Charlie Nicholas (Soccer Saturday) - Celtic break Britain's duck
It's got to be 1967, when Celtic became the first British team to win the competition. We outplayed Inter Milan, who everyone had tipped to beat us quite easily. I was six years of age and I'll never forget it because it was such a unique moment, one of those 'where were you' moments. I was sitting in the house with my mum - my dad was in the pub with his pals - with pie and beans and a glass of Irn Bru, watching Billy McNeill lift the European Cup. Two nights later I actually went to the parade at Celtic Park with my dad.
Rob Lee (Sky Sports Golf) - Manchester United seal the treble
It would have to be Ole Gunnar Solskjaer's added-time winner for Man United against Bayern Munich in 1999. I was perched on a seat near the halfway line at the Camp Nou and when Teddy Sheringham equalised, I turned to my mate and said: 'I can see us winning this'. Seconds later, United got a corner and bang it was 2-1. We went from total dejection to total elation in a few seconds, and then strolled into the corporate are and made a nuisance of ourselves afterwards until about 3 o'clock in the morning!
Bumble (Sky Sports Cricket) - Di Stefano and the 1950's legends of Real Madrid
I go back to the days of watching Alfredo Di Stefano and Ferenc Puskas playing for Real Madrid in black and white. It was only a couple of cameras back then, but I had the Real Madrid kit as a youngster and liked to pretend to be a deep-lying centre-forward like Di Stefano. Nowadays they call it playing just behind the front man and in those days you weren't able to find him. I was more like Puskas though to be honest because he could only kick with one leg (but he was brilliant). They were brilliant though that team; Francisco Gento, Hector Rial, Juan Alonso, Juan Santisteban, Marquitos, José María Zárraga, Rafael Lesmes... what a team! In fact, Di Stefano has been in the limelight recently because he's 86 and has just hitched up with a girl in her thirties. His family are trying to put a block on it, but it seems there's life in the old dog yet!
Paul Merson (Soccer Saturday) - The miracle of Istanbul
I'm a Chelsea fan but I have to go for Liverpool in 2005. To come back from 3-0 down against a top team like AC Milan was a miracle. I remember sitting at home the day before I was about to go on holiday and I was cringing for the Liverpool players at half-time; it could have been any score you wanted, so to come back and win it was a miracle.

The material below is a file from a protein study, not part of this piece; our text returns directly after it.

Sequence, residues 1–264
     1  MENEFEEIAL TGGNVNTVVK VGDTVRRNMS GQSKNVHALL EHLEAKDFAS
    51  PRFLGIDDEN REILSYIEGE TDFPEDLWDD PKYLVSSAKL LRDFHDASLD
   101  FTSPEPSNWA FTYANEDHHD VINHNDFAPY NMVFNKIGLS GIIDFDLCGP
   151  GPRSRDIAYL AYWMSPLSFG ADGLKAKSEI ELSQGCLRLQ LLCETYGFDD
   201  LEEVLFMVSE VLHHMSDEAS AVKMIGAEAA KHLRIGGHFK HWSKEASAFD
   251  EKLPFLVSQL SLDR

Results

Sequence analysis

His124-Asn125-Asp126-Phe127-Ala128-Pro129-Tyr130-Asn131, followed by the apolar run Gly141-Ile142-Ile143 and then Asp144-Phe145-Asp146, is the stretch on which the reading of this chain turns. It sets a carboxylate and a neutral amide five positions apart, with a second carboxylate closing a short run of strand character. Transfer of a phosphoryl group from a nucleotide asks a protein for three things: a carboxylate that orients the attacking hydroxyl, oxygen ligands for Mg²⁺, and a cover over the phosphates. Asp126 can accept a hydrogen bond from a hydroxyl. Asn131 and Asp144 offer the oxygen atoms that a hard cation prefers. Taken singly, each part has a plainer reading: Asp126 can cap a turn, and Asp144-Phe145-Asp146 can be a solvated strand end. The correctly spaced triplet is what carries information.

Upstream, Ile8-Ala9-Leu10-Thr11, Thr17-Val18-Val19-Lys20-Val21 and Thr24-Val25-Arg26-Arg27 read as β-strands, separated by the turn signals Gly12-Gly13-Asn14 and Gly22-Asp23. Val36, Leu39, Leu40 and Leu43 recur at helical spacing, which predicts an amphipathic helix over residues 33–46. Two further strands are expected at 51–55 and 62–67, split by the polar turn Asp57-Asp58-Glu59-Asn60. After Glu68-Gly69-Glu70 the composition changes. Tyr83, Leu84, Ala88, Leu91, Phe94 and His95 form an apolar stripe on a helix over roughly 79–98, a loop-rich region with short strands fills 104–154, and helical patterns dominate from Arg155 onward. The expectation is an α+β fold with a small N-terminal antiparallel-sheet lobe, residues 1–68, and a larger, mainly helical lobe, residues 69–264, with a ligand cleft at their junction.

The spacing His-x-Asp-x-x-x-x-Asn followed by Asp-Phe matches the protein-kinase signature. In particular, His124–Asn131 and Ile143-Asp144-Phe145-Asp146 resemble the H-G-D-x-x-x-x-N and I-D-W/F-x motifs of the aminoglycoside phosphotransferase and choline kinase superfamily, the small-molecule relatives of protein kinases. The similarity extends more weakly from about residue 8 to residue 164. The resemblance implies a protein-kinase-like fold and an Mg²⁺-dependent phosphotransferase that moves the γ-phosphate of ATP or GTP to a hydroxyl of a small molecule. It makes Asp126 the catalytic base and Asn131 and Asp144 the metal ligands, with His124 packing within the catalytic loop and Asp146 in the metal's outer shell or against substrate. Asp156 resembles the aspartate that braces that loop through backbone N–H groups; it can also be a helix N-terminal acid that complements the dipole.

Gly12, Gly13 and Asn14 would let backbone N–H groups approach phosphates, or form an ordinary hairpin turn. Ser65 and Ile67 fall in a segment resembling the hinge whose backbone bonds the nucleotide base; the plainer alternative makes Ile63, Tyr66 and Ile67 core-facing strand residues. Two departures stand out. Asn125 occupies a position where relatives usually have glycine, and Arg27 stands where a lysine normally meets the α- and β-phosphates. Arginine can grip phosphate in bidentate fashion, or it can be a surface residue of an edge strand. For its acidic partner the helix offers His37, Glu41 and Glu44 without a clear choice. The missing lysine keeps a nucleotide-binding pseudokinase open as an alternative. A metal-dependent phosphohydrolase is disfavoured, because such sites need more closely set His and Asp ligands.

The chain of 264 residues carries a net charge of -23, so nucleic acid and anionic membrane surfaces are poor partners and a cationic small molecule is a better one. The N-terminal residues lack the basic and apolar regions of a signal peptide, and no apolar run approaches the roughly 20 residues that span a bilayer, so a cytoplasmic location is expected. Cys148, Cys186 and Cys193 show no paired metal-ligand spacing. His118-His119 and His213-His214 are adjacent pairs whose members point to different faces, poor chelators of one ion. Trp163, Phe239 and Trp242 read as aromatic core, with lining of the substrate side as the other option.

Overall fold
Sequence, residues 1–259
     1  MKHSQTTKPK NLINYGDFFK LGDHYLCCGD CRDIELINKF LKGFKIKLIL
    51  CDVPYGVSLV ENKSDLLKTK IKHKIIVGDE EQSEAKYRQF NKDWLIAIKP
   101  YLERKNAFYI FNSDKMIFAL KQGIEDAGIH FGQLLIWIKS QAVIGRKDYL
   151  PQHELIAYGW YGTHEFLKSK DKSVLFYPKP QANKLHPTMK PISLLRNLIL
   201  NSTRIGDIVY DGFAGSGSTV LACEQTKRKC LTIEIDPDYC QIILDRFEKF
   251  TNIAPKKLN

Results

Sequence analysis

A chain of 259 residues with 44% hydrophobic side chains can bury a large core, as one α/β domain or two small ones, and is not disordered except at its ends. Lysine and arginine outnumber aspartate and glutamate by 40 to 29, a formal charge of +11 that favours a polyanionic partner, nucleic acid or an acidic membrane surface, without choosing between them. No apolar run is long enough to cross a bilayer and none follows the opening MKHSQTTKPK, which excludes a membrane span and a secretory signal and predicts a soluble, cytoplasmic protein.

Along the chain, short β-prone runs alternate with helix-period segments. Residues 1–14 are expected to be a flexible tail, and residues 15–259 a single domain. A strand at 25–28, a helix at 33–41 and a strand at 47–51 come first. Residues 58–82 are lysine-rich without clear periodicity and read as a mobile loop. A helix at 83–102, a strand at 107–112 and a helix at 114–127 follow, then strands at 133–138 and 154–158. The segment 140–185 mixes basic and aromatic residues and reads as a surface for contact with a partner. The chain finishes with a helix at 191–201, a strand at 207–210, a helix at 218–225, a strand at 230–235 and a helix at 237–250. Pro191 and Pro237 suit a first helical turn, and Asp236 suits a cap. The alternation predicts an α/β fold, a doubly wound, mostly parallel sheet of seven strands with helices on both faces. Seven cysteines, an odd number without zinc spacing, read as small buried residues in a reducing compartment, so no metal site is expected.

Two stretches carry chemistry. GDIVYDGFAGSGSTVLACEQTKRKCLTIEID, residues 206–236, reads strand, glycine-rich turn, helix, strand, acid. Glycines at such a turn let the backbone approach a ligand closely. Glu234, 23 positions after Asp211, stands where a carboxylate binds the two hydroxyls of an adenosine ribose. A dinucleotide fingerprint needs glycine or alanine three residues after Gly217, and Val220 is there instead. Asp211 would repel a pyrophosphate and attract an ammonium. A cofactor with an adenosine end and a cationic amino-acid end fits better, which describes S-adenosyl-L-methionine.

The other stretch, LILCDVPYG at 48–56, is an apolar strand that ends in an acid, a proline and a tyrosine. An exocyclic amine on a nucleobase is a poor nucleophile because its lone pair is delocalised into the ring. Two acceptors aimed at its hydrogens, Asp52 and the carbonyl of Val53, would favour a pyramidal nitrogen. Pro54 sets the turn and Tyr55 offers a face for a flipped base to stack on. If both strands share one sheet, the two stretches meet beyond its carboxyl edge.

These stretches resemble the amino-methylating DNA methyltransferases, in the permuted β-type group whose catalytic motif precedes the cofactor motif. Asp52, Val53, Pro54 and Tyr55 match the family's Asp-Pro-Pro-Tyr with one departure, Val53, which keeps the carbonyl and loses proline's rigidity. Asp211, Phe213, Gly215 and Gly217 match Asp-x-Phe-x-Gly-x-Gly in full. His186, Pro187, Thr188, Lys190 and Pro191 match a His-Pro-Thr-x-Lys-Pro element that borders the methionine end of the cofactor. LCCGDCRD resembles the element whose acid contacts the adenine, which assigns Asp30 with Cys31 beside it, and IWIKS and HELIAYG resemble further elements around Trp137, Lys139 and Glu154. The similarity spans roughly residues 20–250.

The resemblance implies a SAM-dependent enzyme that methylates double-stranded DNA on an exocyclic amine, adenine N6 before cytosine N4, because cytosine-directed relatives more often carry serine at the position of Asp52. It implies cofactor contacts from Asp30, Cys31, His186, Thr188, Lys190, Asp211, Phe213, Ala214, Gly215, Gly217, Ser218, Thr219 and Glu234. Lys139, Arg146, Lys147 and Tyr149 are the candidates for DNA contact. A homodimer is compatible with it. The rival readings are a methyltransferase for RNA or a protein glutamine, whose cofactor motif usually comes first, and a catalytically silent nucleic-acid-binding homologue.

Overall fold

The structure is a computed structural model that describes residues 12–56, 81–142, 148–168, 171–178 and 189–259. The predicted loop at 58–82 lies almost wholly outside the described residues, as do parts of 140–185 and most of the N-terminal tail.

If you were to read that story in a book you'd throw it away and say it couldn't happen. Steven Gerrard has always been the driving force at Liverpool and he's one of my favourite players, but it's hard to single one player out. You have to credit all of them. They'd have spoken at half-time about winning the second half and if they'd won it 1-0 then you could have said 'well done'. It really was a miracle.
Rod Harrington (Sky Sports Darts) - United's 1968 triumph
I was an avid Man United supporter as a young man and I will never forget the 1968 European Cup Final. We all adored George Best and that final will always stick in my mind. Best scored in extra-time when he beat the last defender and slotted it in and then Bobby Charlton scored and Brian Kidd scored on his birthday. Charlton and Nobby Stiles followed up what they did with England in 1966 with this game and it was a truly great side. I still support United now, but I couldn't name their team nowadays - but I could still recite the 1968 side to you.
The one thing that truly sticks in my mind is the save that Alex Stepney made from Eusebio, who was one of the best players in the world. I once had the pleasure of sitting beside Stepney at a dinner and I asked him about it. Eusebio had the hardest shot in the world and it hit him in the guts and knocked him back about a yard. If that had gone in it would have been a different game, but as it turned out it was a great win for United and I'll never forget it.
Matt Le Tissier (Soccer Saturday) - Grobbelaar's wobbly legs
My favourite memory of watching the European Cup over the years would have to be Liverpool's European Cup final win over Roma in 1984. Bruce Grobbelaar's wobbly legs was a very funny memory. It's a penalty shootout in a European final and you've this guy who doesn't look like he's too bothered. That just tickled me and is one of my abiding memories of the competition.
Chris Kamara (Sky Sports Football) - Manchester United's 1999 epic